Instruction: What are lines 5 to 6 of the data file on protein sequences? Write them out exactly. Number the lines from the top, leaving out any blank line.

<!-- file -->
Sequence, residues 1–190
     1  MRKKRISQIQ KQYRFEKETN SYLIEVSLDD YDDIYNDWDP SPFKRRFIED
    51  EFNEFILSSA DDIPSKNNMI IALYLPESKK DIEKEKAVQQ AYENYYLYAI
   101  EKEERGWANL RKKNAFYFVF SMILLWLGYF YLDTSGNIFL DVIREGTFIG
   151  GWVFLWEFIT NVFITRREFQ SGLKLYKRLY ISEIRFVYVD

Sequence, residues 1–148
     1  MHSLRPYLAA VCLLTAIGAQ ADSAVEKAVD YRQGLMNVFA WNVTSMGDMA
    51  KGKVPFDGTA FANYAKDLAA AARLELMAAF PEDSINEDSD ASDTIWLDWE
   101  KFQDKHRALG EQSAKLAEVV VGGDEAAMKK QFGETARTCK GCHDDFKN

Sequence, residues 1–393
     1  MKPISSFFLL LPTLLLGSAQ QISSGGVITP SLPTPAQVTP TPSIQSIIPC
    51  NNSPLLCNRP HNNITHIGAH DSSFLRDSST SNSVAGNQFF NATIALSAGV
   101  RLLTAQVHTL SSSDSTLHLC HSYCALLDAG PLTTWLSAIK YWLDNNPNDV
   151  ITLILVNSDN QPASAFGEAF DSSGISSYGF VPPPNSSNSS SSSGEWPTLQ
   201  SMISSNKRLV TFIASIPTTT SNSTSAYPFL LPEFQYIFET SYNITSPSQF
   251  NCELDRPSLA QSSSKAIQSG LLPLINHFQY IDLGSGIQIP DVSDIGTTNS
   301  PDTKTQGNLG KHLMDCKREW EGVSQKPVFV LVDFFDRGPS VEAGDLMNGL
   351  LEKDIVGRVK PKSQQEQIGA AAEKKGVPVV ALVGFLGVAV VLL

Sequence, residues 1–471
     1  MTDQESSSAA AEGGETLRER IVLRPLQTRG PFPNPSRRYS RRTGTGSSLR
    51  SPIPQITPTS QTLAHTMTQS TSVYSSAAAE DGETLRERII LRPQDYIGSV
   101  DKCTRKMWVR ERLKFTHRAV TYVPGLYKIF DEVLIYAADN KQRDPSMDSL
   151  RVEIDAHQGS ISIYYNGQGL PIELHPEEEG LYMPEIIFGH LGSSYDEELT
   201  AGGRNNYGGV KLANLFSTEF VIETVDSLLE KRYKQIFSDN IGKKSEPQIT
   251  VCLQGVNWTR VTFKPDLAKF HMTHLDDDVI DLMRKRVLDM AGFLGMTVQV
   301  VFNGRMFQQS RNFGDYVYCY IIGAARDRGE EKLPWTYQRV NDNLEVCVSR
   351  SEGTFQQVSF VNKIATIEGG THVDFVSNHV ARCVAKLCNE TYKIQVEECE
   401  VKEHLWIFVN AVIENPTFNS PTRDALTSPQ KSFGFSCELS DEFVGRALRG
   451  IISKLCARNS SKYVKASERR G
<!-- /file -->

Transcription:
   151  GWVFLWEFIT NVFITRREFQ SGLKLYKRLY ISEIRFVYVD

Sequence, residues 1–148